Reverse engineer your expenses

12 Dec

Russian Dolls

 How much would you pay today to never have to pay your monthly Netflix bill anymore for life?   $100, $200, $500, $2500……….   The Netflix monthly subscription is $7.99 per month.

How about your family’s monthly food bill that averages $500.  Would you pay $9,500 today to never have to buy food anymore for life?  Or would you pay $24,000?  Maybe $56,000?

In order to reach financial independence/early retirement you must know precisely that number for each of your expenses and deploy an asset that will cover these expenses for life.  By doing this, you eliminate the need to work for any further income to pay for this piece of your life.  You can extrapolate the formula shown below to all your expenses (home, car, food, medical insurance, utilities, yoga class, your daily snickers bar addiction, etc…) and are empowered with specific data to assist with becoming financially independent.

 

Expense Item Monthly Expense Annual Expense Value of My Asset To Pay For This Expense
Netflix
$7.99 $95.88 $1,597.92
Food $500 $6,000 $100,000
Cable TV $90 $1,080 $18,000

 

 

The math

Annual  expense / (Your asset’s annual yield  – Inflation) =  Value of my asset to pay for this expense

Netflix $95.88 /  (      .10                  -        .04   )  =             $1,597.92

Food     $6000  /  (       .10                  -        .04   )  =             $100,000

Cable   $1080  /  (    .10          -        .04   )  =         $18,000

 

 

In the above example let’s assume your rental property yields  a 10% annual return and inflation for the future will be 4% annual.  If we wanted to be done paying our Netflix account for life, we could save and invest $1,597.92 (AKA deploy an asset) that provides us with a perpetual income stream of $95.88 annual or $7.99 a month that we could use to pay our Netflix subscription.

 

Basically:

In order to never have to pay for your Netflix again in your life; save and invest $1,597.92 at 10%  = $7.99 a month/EVERY MONTH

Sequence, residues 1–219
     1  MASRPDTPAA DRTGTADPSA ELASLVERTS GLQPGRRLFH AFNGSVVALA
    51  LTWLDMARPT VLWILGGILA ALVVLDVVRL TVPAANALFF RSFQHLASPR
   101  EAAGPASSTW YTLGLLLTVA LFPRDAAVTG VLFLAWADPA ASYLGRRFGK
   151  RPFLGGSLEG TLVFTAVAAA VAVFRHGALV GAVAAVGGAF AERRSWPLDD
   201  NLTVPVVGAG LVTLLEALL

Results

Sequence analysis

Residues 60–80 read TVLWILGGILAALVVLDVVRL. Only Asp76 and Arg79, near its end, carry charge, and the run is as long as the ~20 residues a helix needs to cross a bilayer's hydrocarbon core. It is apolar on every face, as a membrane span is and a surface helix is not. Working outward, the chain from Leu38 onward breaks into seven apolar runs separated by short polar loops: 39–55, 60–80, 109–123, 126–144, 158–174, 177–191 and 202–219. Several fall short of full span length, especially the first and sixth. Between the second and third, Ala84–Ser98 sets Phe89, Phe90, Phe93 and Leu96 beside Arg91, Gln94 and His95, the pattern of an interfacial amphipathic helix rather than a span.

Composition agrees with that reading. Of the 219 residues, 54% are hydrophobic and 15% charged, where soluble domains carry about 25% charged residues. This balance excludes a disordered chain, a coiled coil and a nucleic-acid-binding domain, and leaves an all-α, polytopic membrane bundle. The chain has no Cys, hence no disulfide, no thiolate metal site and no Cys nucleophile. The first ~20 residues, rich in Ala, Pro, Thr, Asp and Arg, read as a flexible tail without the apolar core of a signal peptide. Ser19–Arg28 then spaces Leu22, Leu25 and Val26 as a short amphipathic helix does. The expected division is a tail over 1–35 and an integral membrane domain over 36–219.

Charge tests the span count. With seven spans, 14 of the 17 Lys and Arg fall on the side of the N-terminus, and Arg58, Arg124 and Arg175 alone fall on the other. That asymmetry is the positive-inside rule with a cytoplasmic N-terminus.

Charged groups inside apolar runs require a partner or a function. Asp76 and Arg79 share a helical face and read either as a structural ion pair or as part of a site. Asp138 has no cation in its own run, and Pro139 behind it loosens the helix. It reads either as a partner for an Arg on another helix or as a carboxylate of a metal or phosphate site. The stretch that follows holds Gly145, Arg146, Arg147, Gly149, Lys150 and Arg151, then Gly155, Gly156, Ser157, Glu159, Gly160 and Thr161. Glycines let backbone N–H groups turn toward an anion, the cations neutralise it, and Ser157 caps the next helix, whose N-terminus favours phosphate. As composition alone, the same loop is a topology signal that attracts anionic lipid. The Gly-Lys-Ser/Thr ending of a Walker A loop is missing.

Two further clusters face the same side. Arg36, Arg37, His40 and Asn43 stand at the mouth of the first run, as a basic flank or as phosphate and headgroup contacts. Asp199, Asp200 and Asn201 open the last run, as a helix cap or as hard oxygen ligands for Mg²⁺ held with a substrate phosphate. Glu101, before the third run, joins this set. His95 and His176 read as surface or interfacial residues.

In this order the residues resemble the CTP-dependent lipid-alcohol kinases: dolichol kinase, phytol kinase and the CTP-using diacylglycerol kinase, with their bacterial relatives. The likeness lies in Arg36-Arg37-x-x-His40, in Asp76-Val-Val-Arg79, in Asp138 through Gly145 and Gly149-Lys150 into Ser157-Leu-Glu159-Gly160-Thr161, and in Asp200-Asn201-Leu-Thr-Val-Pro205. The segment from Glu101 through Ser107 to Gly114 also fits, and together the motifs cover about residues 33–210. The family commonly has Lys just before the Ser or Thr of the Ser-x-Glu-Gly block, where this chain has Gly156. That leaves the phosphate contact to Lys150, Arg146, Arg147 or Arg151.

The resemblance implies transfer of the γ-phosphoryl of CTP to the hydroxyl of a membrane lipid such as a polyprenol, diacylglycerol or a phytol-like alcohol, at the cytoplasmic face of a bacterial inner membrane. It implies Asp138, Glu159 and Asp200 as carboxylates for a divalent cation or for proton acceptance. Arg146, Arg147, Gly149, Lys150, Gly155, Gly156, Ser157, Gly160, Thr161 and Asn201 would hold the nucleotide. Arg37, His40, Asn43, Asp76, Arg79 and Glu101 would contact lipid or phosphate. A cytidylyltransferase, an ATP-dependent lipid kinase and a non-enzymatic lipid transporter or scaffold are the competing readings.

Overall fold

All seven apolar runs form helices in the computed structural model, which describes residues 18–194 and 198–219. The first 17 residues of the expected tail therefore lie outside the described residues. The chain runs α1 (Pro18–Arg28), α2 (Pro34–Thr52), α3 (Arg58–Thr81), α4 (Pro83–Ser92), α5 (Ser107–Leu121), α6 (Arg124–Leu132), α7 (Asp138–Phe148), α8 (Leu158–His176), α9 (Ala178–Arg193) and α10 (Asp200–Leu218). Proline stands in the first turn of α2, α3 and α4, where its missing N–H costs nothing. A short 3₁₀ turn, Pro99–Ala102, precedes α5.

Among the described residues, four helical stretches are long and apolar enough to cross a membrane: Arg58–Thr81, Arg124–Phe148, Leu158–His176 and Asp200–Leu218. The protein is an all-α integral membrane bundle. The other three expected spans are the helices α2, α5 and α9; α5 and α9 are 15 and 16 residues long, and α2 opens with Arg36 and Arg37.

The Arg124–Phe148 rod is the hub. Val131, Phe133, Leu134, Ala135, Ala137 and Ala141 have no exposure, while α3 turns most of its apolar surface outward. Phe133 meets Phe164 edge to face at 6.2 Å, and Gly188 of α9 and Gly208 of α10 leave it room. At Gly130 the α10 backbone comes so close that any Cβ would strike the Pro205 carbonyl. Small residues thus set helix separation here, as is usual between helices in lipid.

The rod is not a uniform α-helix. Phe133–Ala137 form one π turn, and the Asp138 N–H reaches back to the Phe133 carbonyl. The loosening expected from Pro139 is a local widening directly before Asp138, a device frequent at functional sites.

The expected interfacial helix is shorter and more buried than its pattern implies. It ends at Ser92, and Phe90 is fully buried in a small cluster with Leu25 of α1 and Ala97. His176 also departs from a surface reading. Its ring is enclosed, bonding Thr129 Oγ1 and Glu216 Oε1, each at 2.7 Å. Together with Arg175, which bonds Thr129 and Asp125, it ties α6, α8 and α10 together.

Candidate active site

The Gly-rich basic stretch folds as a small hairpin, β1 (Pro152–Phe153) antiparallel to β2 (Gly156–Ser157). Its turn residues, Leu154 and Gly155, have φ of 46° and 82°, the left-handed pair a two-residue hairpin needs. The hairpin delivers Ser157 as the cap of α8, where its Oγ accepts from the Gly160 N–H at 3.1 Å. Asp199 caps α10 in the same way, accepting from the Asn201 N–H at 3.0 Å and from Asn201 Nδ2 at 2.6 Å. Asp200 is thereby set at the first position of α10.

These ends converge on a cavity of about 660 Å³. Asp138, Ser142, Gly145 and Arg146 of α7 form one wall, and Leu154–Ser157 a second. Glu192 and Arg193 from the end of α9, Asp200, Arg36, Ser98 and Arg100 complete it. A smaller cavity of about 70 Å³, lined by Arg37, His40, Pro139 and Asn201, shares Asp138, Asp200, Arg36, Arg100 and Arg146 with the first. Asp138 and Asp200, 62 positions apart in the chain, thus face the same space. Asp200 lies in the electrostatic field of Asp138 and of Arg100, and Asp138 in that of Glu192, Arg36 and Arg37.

In order to never have to pay for groceries again in your life; save and invest $100,000 at 10%  = $500 a month/EVERY MONTH

In order to never have to pay for your cable TV again in your life; save and invest $18,000 at 10%  = $90 a month/EVERY MONTH

 

I hope this excites and motivates you to analyze each of your expenses and how you can have your investments outsource your job.  Try to develop the mindset of knowing if you can save X amount of dollars and invest it, you will not have to pay for X expense ever again.  Running these calculations on your expenses may lead you to rid your life of a particular expense.  Maybe you value your time (not having to earn more money at work) more than working.  You would have to work and earn an additional $16,402 in income just to watch cable TV instead of Netflix.  This equates to an additional 820.1 hours of work (AKA 102 days of your working life or about 5 months if you earn $20 an hour.

 

Reverse engineer your expenses; maybe you will drop cable TV, subscribe to Netflix and retire 5 months earlier than you can (I did).

 

Remember; pay off that debt, save and invest the rest, and join us on the other side and retire before you are dead.

 

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12 Responses to “Reverse engineer your expenses”

  1. Chris Ochoa December 12, 2013 at 2:08 pm #

    Oh how I long to see my money grow and retire early

    • Will December 13, 2013 at 9:04 am #

      Chris, hopefully we can learn something from this blog and keep pushing forward!

  2. The Fake Cheap January 14, 2014 at 5:07 pm #

    This is a great concept. I read through some other posts as well. Keep up the good work! I’ll be back.

    • Will January 14, 2014 at 7:11 pm #

      Thanks for visiting!

  3. mistersquirrel February 20, 2014 at 3:43 pm #

    10% or 15% yield on your rental properties is very high. I’m guessing you bought the places low after the 2008 crash to be able to generate those returns.